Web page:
Dear Amy: My husband is 51 and I’m 41. We’ve been together five years, and got married seven months ago. I am ready to throw in the towel. I have been married before, when I was younger, and he has not.
Now I am feeling like I have been in this marriage before. I am again married to a guy who is too stuck on his mother.
My first husband, who was his mom’s only child, had a controlling mother. For some reason, I have married another guy with the same problem.
I guess I thought he would be different because he was older and should be a grown man by now. His mother is driving a wedge between us and he is allowing it. There is no talking to him about it because things always get twisted in his favor.
I tend to ignore him, because when I attempt to speak to him about this issue, we argue.
I am thinking I should just walk away. We have no children together and I don’t have to put up with it, right?
Ready to Leave
Dear Ready: You knew this man for five years before getting married. Surely you would have received some insight about his relationship with his mother beforehand.
You say your husband, at 51, had never been married before. Marriage requires huge adjustments in family systems. In order to be happily married to you, he must put his relationship to you, and your marriage, at the center of his life. You should also attempt to compromise, adjust and accept that his mother is now part of your family.
A marriage counselor could help the two of you to discuss this dynamic and make the necessary adjustments.
Dear Amy: I am really struggling with how to manage a situation that seems to keep coming up.
What can I do when I go to a venue and there are people who are saving seats for their friends?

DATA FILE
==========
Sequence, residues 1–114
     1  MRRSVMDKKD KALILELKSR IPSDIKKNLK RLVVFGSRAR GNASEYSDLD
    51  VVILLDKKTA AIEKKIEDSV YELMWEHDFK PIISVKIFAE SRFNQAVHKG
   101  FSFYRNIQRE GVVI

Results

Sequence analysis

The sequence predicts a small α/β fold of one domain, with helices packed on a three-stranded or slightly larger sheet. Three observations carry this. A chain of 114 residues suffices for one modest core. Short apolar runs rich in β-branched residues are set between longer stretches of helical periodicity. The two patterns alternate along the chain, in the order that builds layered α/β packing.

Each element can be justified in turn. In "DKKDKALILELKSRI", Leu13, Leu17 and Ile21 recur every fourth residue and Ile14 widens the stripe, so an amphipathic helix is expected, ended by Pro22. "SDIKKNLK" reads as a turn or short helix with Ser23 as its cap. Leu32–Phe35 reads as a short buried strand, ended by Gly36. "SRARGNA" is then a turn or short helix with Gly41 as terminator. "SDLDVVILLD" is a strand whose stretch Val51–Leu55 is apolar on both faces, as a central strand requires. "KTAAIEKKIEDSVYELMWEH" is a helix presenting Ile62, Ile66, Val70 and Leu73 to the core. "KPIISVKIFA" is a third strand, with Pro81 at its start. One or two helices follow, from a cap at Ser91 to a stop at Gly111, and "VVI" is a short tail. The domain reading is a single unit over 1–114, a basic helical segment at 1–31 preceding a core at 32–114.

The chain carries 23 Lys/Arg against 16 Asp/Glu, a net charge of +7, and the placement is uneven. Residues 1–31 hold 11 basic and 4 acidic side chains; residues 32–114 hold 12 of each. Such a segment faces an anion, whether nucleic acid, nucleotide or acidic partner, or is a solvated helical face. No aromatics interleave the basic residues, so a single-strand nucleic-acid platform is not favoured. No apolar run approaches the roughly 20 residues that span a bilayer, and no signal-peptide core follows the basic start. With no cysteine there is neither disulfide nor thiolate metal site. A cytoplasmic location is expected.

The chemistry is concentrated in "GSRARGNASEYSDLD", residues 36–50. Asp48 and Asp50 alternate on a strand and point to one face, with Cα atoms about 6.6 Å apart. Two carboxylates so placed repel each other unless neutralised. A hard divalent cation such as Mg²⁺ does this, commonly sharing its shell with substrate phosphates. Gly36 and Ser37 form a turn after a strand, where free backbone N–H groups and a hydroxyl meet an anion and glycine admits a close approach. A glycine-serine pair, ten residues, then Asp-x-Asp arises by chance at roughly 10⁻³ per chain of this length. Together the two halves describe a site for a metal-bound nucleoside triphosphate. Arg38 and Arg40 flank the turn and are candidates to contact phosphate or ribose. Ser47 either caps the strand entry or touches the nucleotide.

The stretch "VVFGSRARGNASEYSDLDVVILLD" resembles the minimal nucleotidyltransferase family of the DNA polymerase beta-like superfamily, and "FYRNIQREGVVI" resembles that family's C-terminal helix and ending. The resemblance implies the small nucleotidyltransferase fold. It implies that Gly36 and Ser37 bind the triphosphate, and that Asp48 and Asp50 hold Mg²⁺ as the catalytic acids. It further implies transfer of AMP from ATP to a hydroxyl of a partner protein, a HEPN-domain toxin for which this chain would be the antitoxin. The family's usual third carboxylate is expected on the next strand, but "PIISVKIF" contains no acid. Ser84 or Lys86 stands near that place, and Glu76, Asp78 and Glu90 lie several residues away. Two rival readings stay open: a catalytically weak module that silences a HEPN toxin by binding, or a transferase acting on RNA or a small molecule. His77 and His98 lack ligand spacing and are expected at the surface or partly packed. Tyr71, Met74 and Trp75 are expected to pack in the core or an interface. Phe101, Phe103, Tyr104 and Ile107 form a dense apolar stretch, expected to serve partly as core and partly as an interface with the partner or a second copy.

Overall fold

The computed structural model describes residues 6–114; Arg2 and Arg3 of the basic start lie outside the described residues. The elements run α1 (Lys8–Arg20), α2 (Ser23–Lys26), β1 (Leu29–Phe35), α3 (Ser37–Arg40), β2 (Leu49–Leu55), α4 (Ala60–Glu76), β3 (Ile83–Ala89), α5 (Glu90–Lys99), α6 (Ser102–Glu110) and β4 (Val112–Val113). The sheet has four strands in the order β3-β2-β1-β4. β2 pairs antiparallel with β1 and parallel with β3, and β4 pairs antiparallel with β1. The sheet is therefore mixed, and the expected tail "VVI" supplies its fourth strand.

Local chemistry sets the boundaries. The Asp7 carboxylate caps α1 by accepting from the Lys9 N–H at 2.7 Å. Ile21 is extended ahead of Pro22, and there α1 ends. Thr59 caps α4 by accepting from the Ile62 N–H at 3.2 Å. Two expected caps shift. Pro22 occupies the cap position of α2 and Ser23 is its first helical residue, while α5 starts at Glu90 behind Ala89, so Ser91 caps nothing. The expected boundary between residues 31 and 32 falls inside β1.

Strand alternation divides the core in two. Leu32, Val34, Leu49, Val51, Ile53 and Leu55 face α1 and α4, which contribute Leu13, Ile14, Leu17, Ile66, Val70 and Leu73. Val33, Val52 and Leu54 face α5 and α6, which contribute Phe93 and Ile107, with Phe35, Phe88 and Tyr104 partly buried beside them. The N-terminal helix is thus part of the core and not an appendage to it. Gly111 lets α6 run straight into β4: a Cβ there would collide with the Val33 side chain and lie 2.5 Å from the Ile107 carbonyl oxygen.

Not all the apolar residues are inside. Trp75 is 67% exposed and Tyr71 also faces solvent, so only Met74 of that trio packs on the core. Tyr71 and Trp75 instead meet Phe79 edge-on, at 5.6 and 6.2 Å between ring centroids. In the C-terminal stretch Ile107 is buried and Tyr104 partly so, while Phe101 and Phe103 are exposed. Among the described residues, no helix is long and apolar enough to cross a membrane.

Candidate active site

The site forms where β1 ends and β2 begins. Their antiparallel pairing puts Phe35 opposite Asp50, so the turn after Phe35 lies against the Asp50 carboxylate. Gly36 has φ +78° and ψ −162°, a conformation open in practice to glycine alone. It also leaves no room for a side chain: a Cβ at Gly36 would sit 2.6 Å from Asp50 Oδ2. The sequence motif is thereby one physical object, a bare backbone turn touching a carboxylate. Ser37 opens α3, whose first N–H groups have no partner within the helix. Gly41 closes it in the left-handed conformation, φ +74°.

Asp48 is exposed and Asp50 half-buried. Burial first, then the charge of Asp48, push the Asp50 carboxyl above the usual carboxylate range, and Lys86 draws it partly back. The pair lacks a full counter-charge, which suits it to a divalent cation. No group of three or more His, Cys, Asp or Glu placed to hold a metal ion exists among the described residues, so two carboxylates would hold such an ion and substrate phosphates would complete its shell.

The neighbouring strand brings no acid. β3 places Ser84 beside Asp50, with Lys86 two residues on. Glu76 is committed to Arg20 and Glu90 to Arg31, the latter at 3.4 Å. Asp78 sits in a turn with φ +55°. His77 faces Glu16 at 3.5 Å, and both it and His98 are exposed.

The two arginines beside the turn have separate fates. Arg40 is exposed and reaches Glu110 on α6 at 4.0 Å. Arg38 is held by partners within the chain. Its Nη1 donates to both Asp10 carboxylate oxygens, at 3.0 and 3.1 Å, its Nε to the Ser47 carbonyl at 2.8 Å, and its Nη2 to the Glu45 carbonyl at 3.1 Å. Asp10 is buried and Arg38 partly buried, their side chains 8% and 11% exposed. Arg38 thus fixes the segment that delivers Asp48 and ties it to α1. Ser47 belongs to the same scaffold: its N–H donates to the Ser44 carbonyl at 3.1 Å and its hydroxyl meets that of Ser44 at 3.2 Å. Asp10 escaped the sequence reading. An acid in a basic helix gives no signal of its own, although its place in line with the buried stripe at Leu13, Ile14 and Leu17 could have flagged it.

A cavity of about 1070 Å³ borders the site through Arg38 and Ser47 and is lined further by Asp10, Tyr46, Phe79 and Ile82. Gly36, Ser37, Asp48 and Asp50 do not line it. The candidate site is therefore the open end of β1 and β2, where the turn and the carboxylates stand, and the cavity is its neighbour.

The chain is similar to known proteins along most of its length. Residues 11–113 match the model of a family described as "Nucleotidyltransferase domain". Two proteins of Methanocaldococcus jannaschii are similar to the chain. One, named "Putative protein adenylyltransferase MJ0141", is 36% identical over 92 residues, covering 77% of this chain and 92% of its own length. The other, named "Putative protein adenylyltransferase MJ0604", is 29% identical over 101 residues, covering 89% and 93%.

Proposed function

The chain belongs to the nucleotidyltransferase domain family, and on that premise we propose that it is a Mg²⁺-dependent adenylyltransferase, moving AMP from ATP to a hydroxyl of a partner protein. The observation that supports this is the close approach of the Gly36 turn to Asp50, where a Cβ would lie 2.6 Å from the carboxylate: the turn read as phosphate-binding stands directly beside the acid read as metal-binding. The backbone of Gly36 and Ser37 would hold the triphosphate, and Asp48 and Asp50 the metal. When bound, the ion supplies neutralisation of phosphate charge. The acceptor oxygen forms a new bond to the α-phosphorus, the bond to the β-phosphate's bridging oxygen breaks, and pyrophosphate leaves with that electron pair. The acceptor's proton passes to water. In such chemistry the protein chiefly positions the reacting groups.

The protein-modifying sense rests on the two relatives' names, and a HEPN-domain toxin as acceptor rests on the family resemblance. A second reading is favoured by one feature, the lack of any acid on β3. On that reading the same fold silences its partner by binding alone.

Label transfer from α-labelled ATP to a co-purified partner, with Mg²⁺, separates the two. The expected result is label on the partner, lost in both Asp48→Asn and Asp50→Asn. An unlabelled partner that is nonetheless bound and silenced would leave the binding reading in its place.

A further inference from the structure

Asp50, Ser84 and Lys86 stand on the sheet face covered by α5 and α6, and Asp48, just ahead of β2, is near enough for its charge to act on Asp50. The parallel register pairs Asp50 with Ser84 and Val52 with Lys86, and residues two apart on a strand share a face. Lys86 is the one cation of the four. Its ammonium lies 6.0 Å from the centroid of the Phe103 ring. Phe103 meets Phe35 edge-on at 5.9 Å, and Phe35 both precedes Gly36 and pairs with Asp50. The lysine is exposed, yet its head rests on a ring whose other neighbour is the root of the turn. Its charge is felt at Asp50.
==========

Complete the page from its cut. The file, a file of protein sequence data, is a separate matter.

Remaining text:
I am OK with saving one seat for your companion, but I went to a show last week and several different people had blocked six or seven seats with ribbons, and one person blocked six seats with a long belt.
It seems rude to block so many seats for people who can’t be bothered to show up themselves, while I am missing a good seat because it is being saved for a late arrival.
I went to a show with table seating and several people told me that they were saving the entire table. I want to sit where I can get a good view, but I don’t want to be surrounded by hostile people if I just choose to sit down anyway.
Of course my one option is to be the first one at the door so I can get whatever seat I want, but I am totally bugged by this. I think a lot of people are afraid to be told no, but when I am seated by myself at an empty table and have had people ask me if the seats were taken, I say, “No, there is no one sitting there, please sit down!” Wow! Just sit!
Dear Bugged: I agree that saving six seats with a long belt is excessive. In addition to the rudeness, I would wonder whose pants were currently not being held up. Perhaps you should seek the assistance of an usher if these “saved” seats happen to be exactly where you also want to sit. Otherwise, understand that many of us “save” seats while others are already in the venue and standing in the snack line.
Dear Amy: You asked for feedback concerning the letter from “Left Out Liberal,” who disagreed with her husband’s politics.
I see no difference in this scenario and people with different religious backgrounds. The only solution is to let each believe what they want philosophically and act accordingly, but on the important issues in life that directly affect the couple, such as child-rearing, buying a home, budgeting, career paths, etc., couples should communicate and come to a consensus.
I wouldn’t ask my wife to change her religious views or her political way of thinking. I never ask her how she’s voting. I wouldn’t want her to be something she’s not and vice versa.
Happy With Differences
Dear Happy: Many people responding to this letter equate political and religious views. If you don’t ask your wife how she’s voting, it sounds as if you keep the peace by not discussing politics. This particular year, I agree with this approach.
Email Amy Dickinson at firstname.lastname@example.org.